James Garvin, the editor of The Observer, argued it was time that the government reached a negotiated settlement with the House of Lords: "If King Edward upon his deathbed could have sent a last message to his people, he would have asked us to lay party passion aside, to sign a truce of God over his grave, to seek... some fair means of making a common effort for our common country... Let conference take place before conflict is irrevocably joined." (21)
A Constitutional Conference was established with eight members, four cabinet ministers and four representatives from the Conservative Party. Over the next six months the men met on twenty-one occasions. However, they never came close to an agreement and the last meeting took place in November. George Barnes, the Labour Party MP, called for an immediate creation of left-wing peers. However, when a by-election at Walthamstow suggested a slight swing to the Liberals, Asquith decided to call another General Election. (22)
David Lloyd George called on the British people to vote for a change in the parliamentary system: "How could anyone defend the Constitution in its present form? No country in the world would look at our system - no free country, I mean... France has a Senate, the United States has a Senate, the Colonies have Senates, but they are all chosen either directly or indirectly by the people." (23)
The general election of December, 1910, produced a House of Commons which was almost identical to the one that had been elected in January. The Liberals won 272 seats and the Conservatives 271, but the Labour Party (42) and the Irish (a combined total of 84) ensured the government's survival as long as it proceeded with constitutional reform and Home Rule. (24)
The Parliament Bill, which removed the peers' right to amend or defeat finance bills and reduced their powers from the defeat to the delay of other legislation, was introduced into the House of Commons on 21st February 1911. It completed its passage through the Commons on 15th May. A committee of the House of Lords then amended the bill out of all recognition. (25)
According to Lucy Masterman, the wife of Charles Masterman, the Liberal MP for West Ham North, that David Lloyd George had a secret meeting with Arthur Balfour, the leader of the Conservative Party. Lloyd George had bluffed Balfour into believing that George V had agreed to create enough Liberal supporting peers to pass a new Parliament Bill. (26)
Although a list of 249 candidates for ennoblement, including Thomas Hardy, Bertrand Russell, Gilbert Murray and J. M. Barrie, had been drawn up, they had not yet been presented to the King. After the meeting Balfour told Conservative peers that to prevent the Liberals having a permanent majority in the House of Lords, they must pass the bill. On 10th August 1911, the Parliament Act was passed by 131 votes to 114 in the Lords. (27)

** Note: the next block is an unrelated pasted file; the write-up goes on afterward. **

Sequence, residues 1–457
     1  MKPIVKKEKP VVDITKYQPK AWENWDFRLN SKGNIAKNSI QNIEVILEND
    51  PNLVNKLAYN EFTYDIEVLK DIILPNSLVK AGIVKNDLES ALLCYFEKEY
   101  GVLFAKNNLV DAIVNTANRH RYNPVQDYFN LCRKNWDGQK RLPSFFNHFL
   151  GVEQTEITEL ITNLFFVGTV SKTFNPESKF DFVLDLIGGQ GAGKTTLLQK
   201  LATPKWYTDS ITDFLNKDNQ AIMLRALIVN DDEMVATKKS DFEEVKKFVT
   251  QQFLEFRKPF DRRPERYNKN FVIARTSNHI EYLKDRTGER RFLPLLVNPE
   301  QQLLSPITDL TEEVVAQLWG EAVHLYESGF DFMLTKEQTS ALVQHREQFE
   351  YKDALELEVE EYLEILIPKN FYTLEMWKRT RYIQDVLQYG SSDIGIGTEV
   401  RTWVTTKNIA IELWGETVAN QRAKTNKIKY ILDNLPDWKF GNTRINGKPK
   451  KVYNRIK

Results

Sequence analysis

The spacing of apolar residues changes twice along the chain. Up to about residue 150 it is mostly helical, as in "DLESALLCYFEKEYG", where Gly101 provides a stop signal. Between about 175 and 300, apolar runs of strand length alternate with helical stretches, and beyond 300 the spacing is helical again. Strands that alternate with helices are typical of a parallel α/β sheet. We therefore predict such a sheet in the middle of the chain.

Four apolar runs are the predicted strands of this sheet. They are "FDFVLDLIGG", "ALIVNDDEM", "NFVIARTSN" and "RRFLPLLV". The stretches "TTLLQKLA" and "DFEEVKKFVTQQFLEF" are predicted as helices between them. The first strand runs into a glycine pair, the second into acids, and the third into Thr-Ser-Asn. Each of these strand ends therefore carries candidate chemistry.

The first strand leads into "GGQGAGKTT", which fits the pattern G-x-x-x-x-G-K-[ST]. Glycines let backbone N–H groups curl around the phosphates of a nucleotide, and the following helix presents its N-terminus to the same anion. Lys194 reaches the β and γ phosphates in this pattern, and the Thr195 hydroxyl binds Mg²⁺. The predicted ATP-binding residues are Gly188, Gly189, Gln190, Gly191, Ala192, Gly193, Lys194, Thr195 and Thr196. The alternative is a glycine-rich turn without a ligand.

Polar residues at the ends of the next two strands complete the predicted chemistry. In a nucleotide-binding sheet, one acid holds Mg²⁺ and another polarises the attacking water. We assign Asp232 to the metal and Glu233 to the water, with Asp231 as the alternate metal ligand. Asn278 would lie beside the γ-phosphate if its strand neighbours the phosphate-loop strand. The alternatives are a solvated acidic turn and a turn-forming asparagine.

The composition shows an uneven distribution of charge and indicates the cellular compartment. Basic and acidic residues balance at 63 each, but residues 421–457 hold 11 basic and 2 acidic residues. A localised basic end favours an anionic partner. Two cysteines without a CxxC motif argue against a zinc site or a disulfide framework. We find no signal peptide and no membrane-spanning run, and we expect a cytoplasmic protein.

You have never had a scheme of this kind tried in a great country like ours, with its thronging millions, with its rooted complexities... This is, therefore, a great experiment... We do not say that it deals with all the problem of unmerited destitution in this country. We do not even contend that it deals with the worst part of that problem. It might be held that many an old man dependent on the charity of the parish was better off than many a young man, broken down in health, or who cannot find a market for his labour.
This is a war Budget. It is for raising money to wage implacable warfare against poverty and squalidness. I cannot help hoping and believing that before this generation has passed away, we shall have advanced a great step towards that good time, when poverty, and the wretchedness and human degradation which always follows in its camp, will be as remote to the people of this country as the wolves which once infested its forests.
Let them realize what they are doing. They are forcing a Revolution. The Peers may decree a Revolution, but the People will direct it. If they begin, issues will be raised that they little dream of. Questions will be asked which are now whispered in humble voice, and answers will be demanded with authority. It will be asked why 500 ordinary men, chosen accidentally from among the unemployed, should override the judgment - the deliberate judgment - of millions of people who are engaged in the industry which makes the wealth of the country. It will be asked who ordained a few should have the land of Britain as a perquisite? Who made ten thousand people owners of the soil, and the rest of us trespassers in the land of our birth? Where did that Table of the law come from? Whose finger inscribed it?
These are questions that will be asked. The answers are charged with peril for the order of things that the Peers represent. But they are fraught with rare and refreshing fruit for the parched lips of the multitude, who have been treading along the dusty road which the People have marked through the Dark Ages, that are now emerging into the light."